Etc. -- Ephraim Wheeler's 1907 obituary
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A lightly edited transcription of a page 1 article in the 21 Nov 1907 Simcoe Reformer newspaper.


The sudden death of Mr. Ephraim Wheeler, which occurred at his home in Lynn Valley on 11 Nov 1907 has cast a gloom over the friends and neighbors who have been associated with him for so many years, both in business and in social life.

He had been in his usual health, had eaten his dinner at noon, then gone  to the barn as was his custom. He started to thrash by hand a small quantity of beans which had been gathered and put into the barn.

After he had been at this work for a short time Mrs. Wheeler happened to step out of the house, and imagined she heard a strange sound like someone moaning in pain. 

On hastening to the barn she found Mr. Wheeler very ill and helpless, but still conscious. 

They were alone. Powerless to get the stricken man to the house without assistance, she was compelled to go nearly a quarter of a mile to Mr. McCall's, [then] on to Quanbury's mill.

Mr. Quanbury and Mr. Boughner, who happened to be at the mill, went immediately to her assistance, first telephoning Dr. Stanton to come without delay.

Mr. Wheeler was carried to the house and placed upon the bed. Soon after he lost consciousness, falling into a deep sleep from which he never awoke. 

In about two hours he passed peacefully away, just a few minutes before the arrival of Dr. Stanton, who had been out of town and unable to leave immediately for the home on  being summoned.

Mr. Wheeler was born 4 May 1823, in the township of Woodhouse, on a farm a short distance west of Port Dover, and was in his [..]th year.

When he was about a year old his parents moved to Michigan, driving all the way, the greater portion of the road being through an almost trackless forest.

At the age of 29 years he came back to Canada and settled at Lynn Valley where he has for the past 49 years constantly resided.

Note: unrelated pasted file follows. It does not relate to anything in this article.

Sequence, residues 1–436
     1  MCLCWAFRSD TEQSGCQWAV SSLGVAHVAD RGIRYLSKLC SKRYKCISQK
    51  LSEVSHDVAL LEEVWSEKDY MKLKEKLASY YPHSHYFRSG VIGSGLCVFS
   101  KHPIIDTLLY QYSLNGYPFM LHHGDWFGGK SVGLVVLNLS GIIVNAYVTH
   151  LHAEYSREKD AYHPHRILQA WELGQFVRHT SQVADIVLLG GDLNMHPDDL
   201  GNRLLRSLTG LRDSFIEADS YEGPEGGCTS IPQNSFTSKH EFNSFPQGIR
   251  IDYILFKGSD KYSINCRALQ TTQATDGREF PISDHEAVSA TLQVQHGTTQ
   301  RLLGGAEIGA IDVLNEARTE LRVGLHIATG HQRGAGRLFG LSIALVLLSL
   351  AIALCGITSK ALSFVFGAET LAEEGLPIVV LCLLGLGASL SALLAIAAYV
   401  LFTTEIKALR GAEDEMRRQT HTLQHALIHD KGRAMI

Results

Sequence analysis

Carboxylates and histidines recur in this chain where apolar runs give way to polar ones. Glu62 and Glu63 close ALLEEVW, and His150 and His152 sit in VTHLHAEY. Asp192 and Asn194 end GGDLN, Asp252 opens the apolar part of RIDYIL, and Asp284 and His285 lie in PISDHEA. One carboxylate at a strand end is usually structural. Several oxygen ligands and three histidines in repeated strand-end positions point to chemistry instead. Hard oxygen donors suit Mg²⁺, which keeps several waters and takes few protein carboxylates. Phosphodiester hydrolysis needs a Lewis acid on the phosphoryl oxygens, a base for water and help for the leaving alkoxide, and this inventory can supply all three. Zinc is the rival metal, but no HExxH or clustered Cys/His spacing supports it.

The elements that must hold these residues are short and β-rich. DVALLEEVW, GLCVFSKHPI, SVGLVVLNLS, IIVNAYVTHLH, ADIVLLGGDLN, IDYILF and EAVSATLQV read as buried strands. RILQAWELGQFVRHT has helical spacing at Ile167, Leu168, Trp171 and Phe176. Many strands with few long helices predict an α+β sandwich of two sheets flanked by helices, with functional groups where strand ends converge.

He was a man of unobtrusive character, never taking an active part in political life, but always a staunch Liberal. During the years, in which he was a resident of Norfolk, there has never been an election, municipal, provincial or dominion, in which his vote has not been cast for the Liberal party.

He was an adherent of the Methodist church, and with his wife was a faithful attendant of the church in Simcoe as long as health would permit.

He was a generous, kind-hearted neighbor, doing good whenever an opportunity came, was ever a kind and loving husband, and a good provider of the comforts of the home. 

He was strictly upright and honest in all his dealing, never allowing himself to get into debt.

He was married twice, his first wife being Martha Potts, eldest daughter of the late George Potts of Woodhouse, and a sister of Messrs, Samuel and George Potts, both of whom are so well and favorably known in and around Simcoe. His second wife was Miss Jennie Walker, sister of Mrs. Darling Smith of Rockford.

There are left to mourn his loss his aged partner in life and one son, Walter, who now resides near Selkirk, in the County of Haldimand.

The funeral took place on Thursday afternoon and was attended by a large concourse of people who realized that they were laying away a faithful friend. 

The services were conducted at the home by the Rev. J. J. Liddy, and the text from which he spoke a few works was "We all do fade as a leaf."

Solemn and impressive were the remarks made by Mr. Liddy, full of hope and comfort to the sorrowing ones.

Mr. Wheeler was laid to rest in beautiful Oakwood Cemetery, there "to rest until the resurrection morn."


Copyright 2014 John Cardiff